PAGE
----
U.S. CitiesCity-Data Forum Index
Covid-19 Information Page
Go Back   City-Data Forum > General Forums > Garden
 [Register]
Please register to participate in our discussions with 2 million other members - it's free and quick! Some forums can only be seen by registered members. After you create your account, you'll be able to customize options and access all our 15,000 new posts/day with fewer ads.
View detailed profile (Advanced) or search
site with Google Custom Search

Search Forums  (Advanced)
Reply Start New Thread
 
Old 04-27-2010, 07:50 AM
 
1,644 posts, read 4,170,895 times
Reputation: 443

Advertisements

We live in NC, nr Charlotte.
Am aware that our soil more likely to be acidic and have been reading about adding lime to the lawn.This proved a little confusing!
We have fescue grass (where we have any) and have an acre lot, but only a third is lawn.
Was not in good condition as we weren't living here permanently until last Spring, so had limited chance to work with it.

Main problems

1. Bare patches, ranging from large to small
2. Lots of wild strawberry
3. Lots of Chickweed
4. Some other weed that I haven't identified

Lots of trees, although we had the only huge one that sat in the middle of the lawn removed 2 years ago, plus we had 9 stupid 40ft fir trees removed from along a third of the rear boundary line in February this year, allowing a lot more light to a large part of the lawn which also had some of the highest concentration of chickweed/strawberry.

Lawn doesn't look as though it's really responded to the fertilisation about 3 weeks ago (used Milorganite), although it is growing and covering some patches, just not very green or healthy looking.

Weeds (partic' chickweed) don't seem to have been killed by the round up I have applied twice.First about 4-5 weeks ago and then again 1 week ago.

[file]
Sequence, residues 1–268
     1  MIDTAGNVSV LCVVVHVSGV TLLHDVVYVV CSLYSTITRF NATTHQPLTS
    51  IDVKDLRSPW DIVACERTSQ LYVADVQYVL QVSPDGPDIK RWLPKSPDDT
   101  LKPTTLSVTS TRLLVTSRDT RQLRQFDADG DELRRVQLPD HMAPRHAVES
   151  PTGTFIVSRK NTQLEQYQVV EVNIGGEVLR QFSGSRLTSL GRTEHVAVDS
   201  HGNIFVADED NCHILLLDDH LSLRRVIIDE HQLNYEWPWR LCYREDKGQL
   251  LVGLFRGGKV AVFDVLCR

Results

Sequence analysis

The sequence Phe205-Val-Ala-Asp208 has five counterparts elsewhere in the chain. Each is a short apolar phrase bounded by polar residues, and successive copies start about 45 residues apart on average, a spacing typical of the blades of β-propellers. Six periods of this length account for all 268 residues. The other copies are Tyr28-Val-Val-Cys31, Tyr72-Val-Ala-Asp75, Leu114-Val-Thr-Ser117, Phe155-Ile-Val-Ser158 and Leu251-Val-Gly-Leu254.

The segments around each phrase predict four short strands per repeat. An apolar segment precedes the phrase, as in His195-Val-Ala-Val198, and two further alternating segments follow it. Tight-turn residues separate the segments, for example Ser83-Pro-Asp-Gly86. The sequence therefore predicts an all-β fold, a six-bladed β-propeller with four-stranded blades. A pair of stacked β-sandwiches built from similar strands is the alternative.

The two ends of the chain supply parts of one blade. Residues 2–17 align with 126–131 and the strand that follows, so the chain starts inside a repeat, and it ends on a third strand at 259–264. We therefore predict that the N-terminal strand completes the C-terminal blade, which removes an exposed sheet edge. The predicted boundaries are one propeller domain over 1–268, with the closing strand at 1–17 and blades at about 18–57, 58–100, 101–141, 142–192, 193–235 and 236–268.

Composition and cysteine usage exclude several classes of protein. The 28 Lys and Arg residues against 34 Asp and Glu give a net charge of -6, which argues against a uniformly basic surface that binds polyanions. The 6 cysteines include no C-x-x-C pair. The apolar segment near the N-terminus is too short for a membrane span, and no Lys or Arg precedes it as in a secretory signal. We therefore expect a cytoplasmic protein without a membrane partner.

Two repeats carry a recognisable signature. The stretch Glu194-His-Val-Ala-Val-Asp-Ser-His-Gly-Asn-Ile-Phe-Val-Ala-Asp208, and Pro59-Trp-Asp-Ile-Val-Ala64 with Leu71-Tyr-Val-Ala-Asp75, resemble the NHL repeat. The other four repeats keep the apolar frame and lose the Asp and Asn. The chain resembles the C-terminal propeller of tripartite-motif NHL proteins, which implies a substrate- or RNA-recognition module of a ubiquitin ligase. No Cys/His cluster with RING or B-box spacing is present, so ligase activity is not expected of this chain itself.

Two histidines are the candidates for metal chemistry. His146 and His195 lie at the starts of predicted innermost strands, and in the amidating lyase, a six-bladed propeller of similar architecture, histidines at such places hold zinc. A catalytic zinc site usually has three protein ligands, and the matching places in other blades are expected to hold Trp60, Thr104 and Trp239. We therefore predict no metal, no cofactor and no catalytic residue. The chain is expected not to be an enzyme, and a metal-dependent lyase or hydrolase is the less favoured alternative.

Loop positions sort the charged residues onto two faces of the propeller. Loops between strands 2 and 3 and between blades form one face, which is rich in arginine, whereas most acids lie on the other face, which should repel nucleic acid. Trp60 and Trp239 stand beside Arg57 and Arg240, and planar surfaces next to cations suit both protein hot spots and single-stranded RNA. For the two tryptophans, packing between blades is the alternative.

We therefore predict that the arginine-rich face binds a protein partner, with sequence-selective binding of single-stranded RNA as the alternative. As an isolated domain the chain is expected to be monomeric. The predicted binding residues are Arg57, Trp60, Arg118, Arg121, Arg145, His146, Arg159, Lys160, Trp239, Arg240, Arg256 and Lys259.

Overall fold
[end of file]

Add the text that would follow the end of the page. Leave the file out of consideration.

Question is , do I need to add some lime and is the only way to tell this by having pH tested or can we fairly safely assume that if we are in NC with clay soil, have pine and oak and weed infestation we can add some lime? Do I need to re-fertilise?

Grass is getting cut every 4 or 5 days on a fairly high setting to leave 3-4 inches.

Thanks!
Reply With Quote Quick reply to this message

 
Old 04-27-2010, 01:01 PM
 
Location: Newport, NC
956 posts, read 3,663,018 times
Reputation: 708
Quote:
Originally Posted by susan42 View Post
We live in NC, nr Charlotte.
Am aware that our soil more likely to be acidic and have been reading about adding lime to the lawn.This proved a little confusing!
We have fescue grass (where we have any) and have an acre lot, but only a third is lawn.
Was not in good condition as we weren't living here permanently until last Spring, so had limited chance to work with it.

Main problems

1. Bare patches, ranging from large to small
2. Lots of wild strawberry
3. Lots of Chickweed
4. Some other weed that I haven't identified

Lots of trees, although we had the only huge one that sat in the middle of the lawn removed 2 years ago, plus we had 9 stupid 40ft fir trees removed from along a third of the rear boundary line in February this year, allowing a lot more light to a large part of the lawn which also had some of the highest concentration of chickweed/strawberry.